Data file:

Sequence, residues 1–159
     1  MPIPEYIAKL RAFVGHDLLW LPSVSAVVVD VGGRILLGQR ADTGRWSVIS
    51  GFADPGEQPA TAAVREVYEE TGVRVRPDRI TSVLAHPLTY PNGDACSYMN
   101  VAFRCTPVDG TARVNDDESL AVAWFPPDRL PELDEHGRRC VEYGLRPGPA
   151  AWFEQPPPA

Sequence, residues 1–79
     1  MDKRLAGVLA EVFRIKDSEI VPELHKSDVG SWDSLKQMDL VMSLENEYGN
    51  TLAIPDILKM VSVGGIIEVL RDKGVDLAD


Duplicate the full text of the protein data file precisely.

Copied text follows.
Sequence, residues 1–159
     1  MPIPEYIAKL RAFVGHDLLW LPSVSAVVVD VGGRILLGQR ADTGRWSVIS
    51  GFADPGEQPA TAAVREVYEE TGVRVRPDRI TSVLAHPLTY PNGDACSYMN
   101  VAFRCTPVDG TARVNDDESL AVAWFPPDRL PELDEHGRRC VEYGLRPGPA
   151  AWFEQPPPA

Sequence, residues 1–79
     1  MDKRLAGVLA EVFRIKDSEI VPELHKSDVG SWDSLKQMDL VMSLENEYGN
    51  TLAIPDILKM VSVGGIIEVL RDKGVDLAD